Kirksville held its third annual Whiskey and Turkey Festival on Sept. 9. The event ran from 5 p.m. to 10 p.m. and saw hundreds of attendees flock to downtown Kirksville to indulge in the festivities. Various different stands from local organizations and businesses were present to sell everything from turkey feathers to kettle corn. Singers Travis Gibson and Matt Kennedy performed while many bars on Elson Street opened their doors to customers.
As the night went on the streets became increasingly lively as people filed in and out of the bars, and back and forth from the many food trucks lined across the street. Truman students mixed with locals; playing games of cornhole and browsing the merchandise.
“I heard about it from one of the organizers,” Truman student Adrian Ampon said, “Honestly I think it’s a great way to bring the Truman and Kirksville communities together, and to support local businesses.”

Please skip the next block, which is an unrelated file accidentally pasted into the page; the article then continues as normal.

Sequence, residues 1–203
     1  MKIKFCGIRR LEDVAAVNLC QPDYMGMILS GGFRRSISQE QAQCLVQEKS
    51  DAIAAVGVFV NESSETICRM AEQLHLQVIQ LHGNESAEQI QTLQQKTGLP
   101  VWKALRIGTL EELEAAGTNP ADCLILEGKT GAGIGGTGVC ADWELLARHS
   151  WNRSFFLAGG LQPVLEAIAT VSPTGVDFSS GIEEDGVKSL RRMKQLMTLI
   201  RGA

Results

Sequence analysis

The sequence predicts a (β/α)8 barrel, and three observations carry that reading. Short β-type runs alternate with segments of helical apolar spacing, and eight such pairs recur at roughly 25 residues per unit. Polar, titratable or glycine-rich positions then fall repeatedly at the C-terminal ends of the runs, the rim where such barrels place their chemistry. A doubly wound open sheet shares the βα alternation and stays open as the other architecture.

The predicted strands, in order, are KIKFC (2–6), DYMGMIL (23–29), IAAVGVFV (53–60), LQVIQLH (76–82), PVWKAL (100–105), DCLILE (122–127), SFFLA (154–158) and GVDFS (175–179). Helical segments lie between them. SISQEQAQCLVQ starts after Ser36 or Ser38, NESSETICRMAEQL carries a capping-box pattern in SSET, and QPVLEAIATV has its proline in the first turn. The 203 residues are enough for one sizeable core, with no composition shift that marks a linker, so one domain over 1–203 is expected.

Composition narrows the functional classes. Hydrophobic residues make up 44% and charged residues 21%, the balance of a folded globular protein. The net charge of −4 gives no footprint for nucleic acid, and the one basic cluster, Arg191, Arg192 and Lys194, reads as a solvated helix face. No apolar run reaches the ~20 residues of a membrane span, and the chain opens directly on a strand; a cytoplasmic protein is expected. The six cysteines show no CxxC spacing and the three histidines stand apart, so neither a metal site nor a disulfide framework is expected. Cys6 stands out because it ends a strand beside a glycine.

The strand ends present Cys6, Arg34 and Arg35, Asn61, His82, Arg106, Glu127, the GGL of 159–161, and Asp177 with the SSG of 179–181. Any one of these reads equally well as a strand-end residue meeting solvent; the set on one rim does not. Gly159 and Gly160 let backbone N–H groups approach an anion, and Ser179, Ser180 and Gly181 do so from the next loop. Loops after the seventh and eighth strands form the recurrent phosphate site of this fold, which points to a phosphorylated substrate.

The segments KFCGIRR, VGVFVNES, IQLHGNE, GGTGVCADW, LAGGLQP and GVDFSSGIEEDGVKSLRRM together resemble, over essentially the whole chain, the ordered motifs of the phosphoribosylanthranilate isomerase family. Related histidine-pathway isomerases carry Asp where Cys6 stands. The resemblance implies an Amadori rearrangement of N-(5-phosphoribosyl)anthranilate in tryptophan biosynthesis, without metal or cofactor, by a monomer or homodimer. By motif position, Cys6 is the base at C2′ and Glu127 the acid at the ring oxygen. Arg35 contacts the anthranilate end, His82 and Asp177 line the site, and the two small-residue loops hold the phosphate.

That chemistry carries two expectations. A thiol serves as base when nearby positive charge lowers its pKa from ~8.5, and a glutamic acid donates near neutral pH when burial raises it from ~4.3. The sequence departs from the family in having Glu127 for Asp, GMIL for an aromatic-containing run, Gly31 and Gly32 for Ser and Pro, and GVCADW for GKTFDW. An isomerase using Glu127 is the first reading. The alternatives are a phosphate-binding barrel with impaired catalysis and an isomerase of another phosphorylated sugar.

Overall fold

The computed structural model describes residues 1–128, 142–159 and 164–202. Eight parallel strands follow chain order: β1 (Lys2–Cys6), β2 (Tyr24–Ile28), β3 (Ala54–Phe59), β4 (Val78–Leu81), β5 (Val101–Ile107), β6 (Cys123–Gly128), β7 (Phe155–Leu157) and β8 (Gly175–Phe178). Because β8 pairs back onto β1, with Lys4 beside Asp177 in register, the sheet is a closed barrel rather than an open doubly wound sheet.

“The festival is a little smaller than I would have thought, but there’s a lot of people here and everyone’s having a good time,” festival-attendee Jimmy Moloney said.
One of the organizers of the event, Winston Vanderoof, a committee member of Main Street Kirksville, explained more about the festival and its origins.
“Kirksville is the turkey capital of the U.S.; people come from all over the country to hunt turkey here,” Vanderoof said. “The whiskey comes in from Jesse Kirk, the founder of Kirksville, who supposedly invited Missouri state surveyors over to his house and got them drunk with turkey and whiskey when he was trying to get the town named after him.”
The festival serves as a fun way to honor this Kirksville tale, as well as give credence to the reputation the Kirksville area has for its turkey among hunters.